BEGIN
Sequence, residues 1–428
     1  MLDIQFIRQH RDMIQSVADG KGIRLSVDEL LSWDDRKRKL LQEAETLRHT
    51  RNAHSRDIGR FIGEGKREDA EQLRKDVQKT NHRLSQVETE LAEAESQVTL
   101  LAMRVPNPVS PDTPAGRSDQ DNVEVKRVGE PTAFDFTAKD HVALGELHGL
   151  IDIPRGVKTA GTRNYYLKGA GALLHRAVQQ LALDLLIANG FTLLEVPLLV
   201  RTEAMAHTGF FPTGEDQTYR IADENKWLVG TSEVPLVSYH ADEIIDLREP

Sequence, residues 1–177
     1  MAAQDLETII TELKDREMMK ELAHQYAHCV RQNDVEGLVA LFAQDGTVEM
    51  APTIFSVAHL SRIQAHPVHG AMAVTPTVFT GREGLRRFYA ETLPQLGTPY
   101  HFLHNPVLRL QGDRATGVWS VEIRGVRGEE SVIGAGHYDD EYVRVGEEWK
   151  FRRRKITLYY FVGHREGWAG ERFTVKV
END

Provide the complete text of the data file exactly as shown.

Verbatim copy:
Sequence, residues 1–428
     1  MLDIQFIRQH RDMIQSVADG KGIRLSVDEL LSWDDRKRKL LQEAETLRHT
    51  RNAHSRDIGR FIGEGKREDA EQLRKDVQKT NHRLSQVETE LAEAESQVTL
   101  LAMRVPNPVS PDTPAGRSDQ DNVEVKRVGE PTAFDFTAKD HVALGELHGL
   151  IDIPRGVKTA GTRNYYLKGA GALLHRAVQQ LALDLLIANG FTLLEVPLLV
   201  RTEAMAHTGF FPTGEDQTYR IADENKWLVG TSEVPLVSYH ADEIIDLREP

Sequence, residues 1–177
     1  MAAQDLETII TELKDREMMK ELAHQYAHCV RQNDVEGLVA LFAQDGTVEM
    51  APTIFSVAHL SRIQAHPVHG AMAVTPTVFT GREGLRRFYA ETLPQLGTPY
   101  HFLHNPVLRL QGDRATGVWS VEIRGVRGEE SVIGAGHYDD EYVRVGEEWK
   151  FRRRKITLYY FVGHREGWAG ERFTVKV